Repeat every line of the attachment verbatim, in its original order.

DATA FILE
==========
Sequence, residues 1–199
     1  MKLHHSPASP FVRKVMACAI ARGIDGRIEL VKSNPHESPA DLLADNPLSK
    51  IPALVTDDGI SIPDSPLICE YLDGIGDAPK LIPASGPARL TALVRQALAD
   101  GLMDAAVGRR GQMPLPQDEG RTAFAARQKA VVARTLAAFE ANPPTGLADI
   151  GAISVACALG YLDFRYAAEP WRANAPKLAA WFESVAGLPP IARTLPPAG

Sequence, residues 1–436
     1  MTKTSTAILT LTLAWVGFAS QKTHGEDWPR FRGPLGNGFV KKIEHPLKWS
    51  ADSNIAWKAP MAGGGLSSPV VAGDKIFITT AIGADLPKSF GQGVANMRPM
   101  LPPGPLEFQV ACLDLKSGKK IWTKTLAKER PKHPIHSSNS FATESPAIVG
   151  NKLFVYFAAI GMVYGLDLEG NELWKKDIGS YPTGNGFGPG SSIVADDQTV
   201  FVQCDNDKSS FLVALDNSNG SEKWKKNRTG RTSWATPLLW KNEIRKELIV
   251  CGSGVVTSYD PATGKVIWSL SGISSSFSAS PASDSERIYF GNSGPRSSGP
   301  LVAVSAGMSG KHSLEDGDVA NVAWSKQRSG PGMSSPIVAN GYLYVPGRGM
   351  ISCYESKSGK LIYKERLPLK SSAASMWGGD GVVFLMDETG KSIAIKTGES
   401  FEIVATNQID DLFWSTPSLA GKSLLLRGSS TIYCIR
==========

Sequence, residues 1–199
     1  MKLHHSPASP FVRKVMACAI ARGIDGRIEL VKSNPHESPA DLLADNPLSK
    51  IPALVTDDGI SIPDSPLICE YLDGIGDAPK LIPASGPARL TALVRQALAD
   101  GLMDAAVGRR GQMPLPQDEG RTAFAARQKA VVARTLAAFE ANPPTGLADI
   151  GAISVACALG YLDFRYAAEP WRANAPKLAA WFESVAGLPP IARTLPPAG

Sequence, residues 1–436
     1  MTKTSTAILT LTLAWVGFAS QKTHGEDWPR FRGPLGNGFV KKIEHPLKWS
    51  ADSNIAWKAP MAGGGLSSPV VAGDKIFITT AIGADLPKSF GQGVANMRPM
   101  LPPGPLEFQV ACLDLKSGKK IWTKTLAKER PKHPIHSSNS FATESPAIVG
   151  NKLFVYFAAI GMVYGLDLEG NELWKKDIGS YPTGNGFGPG SSIVADDQTV
   201  FVQCDNDKSS FLVALDNSNG SEKWKKNRTG RTSWATPLLW KNEIRKELIV
   251  CGSGVVTSYD PATGKVIWSL SGISSSFSAS PASDSERIYF GNSGPRSSGP
   301  LVAVSAGMSG KHSLEDGDVA NVAWSKQRSG PGMSSPIVAN GYLYVPGRGM
   351  ISCYESKSGK LIYKERLPLK SSAASMWGGD GVVFLMDETG KSIAIKTGES
   401  FEIVATNQID DLFWSTPSLA GKSLLLRGSS TIYCIR